As can be easily foreseen, the huge amount of natural gas that is being discovered throughout the East Mediterranean region is bound to quickly change the whole economic, strategic and military system of the Middle East.
As well as the links between the Greater Middle East and the European Union.
While, before the discoveries of the East Mediterranean region, the primary theme was the network of contacts between the EU West and the Arab-Islamic universe, currently these productive transformations change the internal relations among traditionally producing countries and place Israel in a new economic context, thus making the EU countries enter this new maritime production system as full members.
Hence it is by no mere coincidence that the first East Mediterranean Gas Forum (EMGS) was organized in Cairo last January.
The Forum participants included Egypt, Italy, the European Union, Cyprus, Greece, Jordan and the Palestinian National Authority.
However, it also included Israel and this is certainly a fact not to be overlooked.
The logic of the meeting, however, is to create – in the short term – a politically and productively cohesive group, capable of maximizing the financial and political effects of this great operation and also avoiding competitive policies by other neighbouring gas areas.
First and foremost the Persian Gulf, but also the coastal areas of the Horn of Africa and the possible exploration areas off the Yemeni coast.
The Conference was sponsored by Schlumberger and Deloitte and hosted by World Oil, Gas Processing& LNG, Hydrocarbon Processing, Petroleum Economist, Pipeline & Gas Journal and, finally, by Underground Construction.
As can be easily imagined, also the large European and North American companies of the sector were present.
It should be noted that, this year, the Forum has also been slightly brought forward, for obvious reasons of strong political and productive needs.
Two countries, namely Syria and the Lebanon, did not participate and over the last few years they have started to exploit their offshore deposits in an autonomous way.
Obviously Syria will primarily support the Russian and Iranian networks towards Central Asia and China, while the Lebanon will use its offshore deposits, which are largely independent from neighboring countries, so as to revive its economy.
Zohr, the great Egyptian gas field, was discovered in 2015. In the future, however, Egypt also wants to become the hub for all the natural gas passages in the region, both to the EU and to the rest of the world.
The Israeli Leviathan and Karish gas fields have already started production, despite some tensions between the private technical and financial managers and the State of Israel, which wants a different use of a part of extractions.
If Israel’s gas transits through the Balkan line to Vienna, or through the Greek-Albanian network and Italy, it will anyway be fundamental for the European economy and its strategic equilibria.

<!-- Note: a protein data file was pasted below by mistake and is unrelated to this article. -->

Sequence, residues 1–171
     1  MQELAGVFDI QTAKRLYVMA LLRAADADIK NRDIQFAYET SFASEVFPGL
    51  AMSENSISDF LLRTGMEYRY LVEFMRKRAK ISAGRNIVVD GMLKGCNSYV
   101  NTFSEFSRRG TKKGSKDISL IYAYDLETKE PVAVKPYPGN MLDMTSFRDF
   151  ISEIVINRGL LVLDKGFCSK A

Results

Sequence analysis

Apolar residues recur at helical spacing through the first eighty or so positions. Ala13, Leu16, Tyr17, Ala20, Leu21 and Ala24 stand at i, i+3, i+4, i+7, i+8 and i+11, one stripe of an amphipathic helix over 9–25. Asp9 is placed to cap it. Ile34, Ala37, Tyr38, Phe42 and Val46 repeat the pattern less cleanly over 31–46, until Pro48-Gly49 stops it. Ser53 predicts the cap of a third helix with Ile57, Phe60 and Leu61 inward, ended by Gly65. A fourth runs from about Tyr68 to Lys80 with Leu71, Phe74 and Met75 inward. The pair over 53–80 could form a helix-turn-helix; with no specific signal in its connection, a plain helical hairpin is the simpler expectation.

In all likelihood, Israel’s gas will be even more decisive in the first operational version of the Southern Corridor – the one we have called “Viennese” – than in the Greek-Italian one.
As already mentioned, the Lebanon will mainly play the game against the Israeli gas, for both political and eminently economic reasons.
So far the Lebanon has indicated two Exploration and Production Agreements (EPAs) to a consortium led by Total, with the participation of ENI and Novatek, while Norway and the Lebanon are still collaborating for technical and legal issues through the oil for development program, which will last until 2020.
The Lebanon, however, has also completed its LNG import network for domestic electricity production, a primary problem for the country.
There are also several contracts expiring or to be renewed in the small, but very important market of Lebanese gas.
Political factionalism and the many overt and covert alliances of the Lebanon do not allow to have a homogeneous market of its natural gas.
With specific reference to Cyprus, ENI has discovered Block 6, with the wide Calypso deposit inside, while Exxon-Mobil still “drills” Block 10.
It should be recalled that Turkey has recently blocked the SAIPEM 12000 drillship just a few days after Block 3 was discovered. Turkey, however, has not behaved in the same way with Exxon-Mobil Block 10, in which it does not currently show any direct interest.
The problem is well known: Turkey believes that every exploration and processing-selling activity of all Cypriot gas should benefit both island’s communities and hence not only the Greek one.
The Cypriot government is dealing with Total for Block 11 and with ENI and Total for Block 6, but its real big problem is Aphrodite, the gas field that should be connected to Egypt with a pipeline enabling Egypt to liquefy and transport gas to end markets.
Meanwhile Israel has already started production in 70% of its Leviathan fields, while the Karish and Tamimgas fields have been fully financed and are now operational.